JOHN: He’s an untrustworthy egotist, isn’t he?
PAUL: No, he’s not untrustworthy. If he gives his word, he’ll stick by it. It’s getting him to give it that’s difficult. And I admire that.
JOHN: Is that why viewers admire him?
PAUL: I think you know where you stand with him. If he does give his word, then he’ll back you, as he always did with Blake. He never backed down at the crucial moment. Blake actually had a line: “If we get into a tricky situation, Avon may go, may run”. Well, no, he wouldn’t. In that very episode, Avon was the one who pulled them all out of it. The reason he, the character, didn’t get on with Blake was because Blake was a woolly-minded liberal.
Blake didn’t know what he wanted.
“I want to finish the Federation,” he says.
And Avon says: “And then what?”
Who cares? You’re never going to stop corruption. You’re just going to replace one Federation with another. What I like about Avon is that I am able to keep back quite a lot and let him come out every now and then because the basic storyline is an adventure story.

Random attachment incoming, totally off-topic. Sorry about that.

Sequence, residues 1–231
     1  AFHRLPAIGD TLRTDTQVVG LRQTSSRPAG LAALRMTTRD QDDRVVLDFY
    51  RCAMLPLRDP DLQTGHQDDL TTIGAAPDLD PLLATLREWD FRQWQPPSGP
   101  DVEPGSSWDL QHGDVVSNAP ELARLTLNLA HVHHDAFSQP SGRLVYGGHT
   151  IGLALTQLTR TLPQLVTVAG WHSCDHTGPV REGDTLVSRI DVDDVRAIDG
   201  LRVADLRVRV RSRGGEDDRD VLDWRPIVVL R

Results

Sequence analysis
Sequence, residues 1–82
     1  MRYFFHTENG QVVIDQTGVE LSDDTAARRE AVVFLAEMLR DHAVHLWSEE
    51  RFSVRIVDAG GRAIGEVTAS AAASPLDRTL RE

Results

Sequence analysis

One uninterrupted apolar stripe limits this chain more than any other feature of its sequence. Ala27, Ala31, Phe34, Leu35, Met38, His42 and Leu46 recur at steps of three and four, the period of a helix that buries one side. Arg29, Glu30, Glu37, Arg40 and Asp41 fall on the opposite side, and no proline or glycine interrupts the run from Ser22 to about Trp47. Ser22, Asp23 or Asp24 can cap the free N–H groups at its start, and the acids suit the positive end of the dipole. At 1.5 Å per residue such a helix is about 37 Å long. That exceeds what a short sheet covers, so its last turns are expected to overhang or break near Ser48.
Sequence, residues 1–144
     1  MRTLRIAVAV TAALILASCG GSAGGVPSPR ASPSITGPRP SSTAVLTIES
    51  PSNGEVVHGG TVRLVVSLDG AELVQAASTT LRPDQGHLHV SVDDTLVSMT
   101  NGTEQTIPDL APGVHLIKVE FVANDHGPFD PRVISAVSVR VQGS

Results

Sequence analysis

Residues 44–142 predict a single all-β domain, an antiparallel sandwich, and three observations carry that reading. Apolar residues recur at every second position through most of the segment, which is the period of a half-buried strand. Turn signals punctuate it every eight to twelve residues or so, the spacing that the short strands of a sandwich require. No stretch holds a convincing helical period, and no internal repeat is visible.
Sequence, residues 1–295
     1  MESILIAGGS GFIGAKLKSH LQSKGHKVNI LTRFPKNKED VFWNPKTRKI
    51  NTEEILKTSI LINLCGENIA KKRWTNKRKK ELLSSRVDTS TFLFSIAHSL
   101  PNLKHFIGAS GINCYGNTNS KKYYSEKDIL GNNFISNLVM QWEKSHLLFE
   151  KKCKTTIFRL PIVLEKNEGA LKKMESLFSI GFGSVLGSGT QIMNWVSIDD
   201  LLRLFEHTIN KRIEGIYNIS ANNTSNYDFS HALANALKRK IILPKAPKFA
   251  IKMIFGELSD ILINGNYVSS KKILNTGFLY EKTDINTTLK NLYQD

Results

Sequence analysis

JOHN: What do you mean “keep back quite a lot”?
PAUL: Keeping back a lot of his personality.
JOHN: Isn’t that a bad thing? The audience doesn’t know what’s going on if you keep him too enigmatic.
PAUL: No, because occasionally he does reveal something else. For example, when his girlfriend rolled up, I don’t think there was any doubt that he loved her. But what I liked about it was that, however much he loved her, she betrayed him, therefore – BANG! He killed her. Very painful, very nasty but very necessary. He’s the supreme pragmatist, isn’t he?
JOHN: Sounds emotionless, though.
PAUL: No, that’s not emotionless, because he loved her. But he’s not going to share the pain with anybody else. That’s private; that’s his business.
JOHN: And the audience finds this attractive…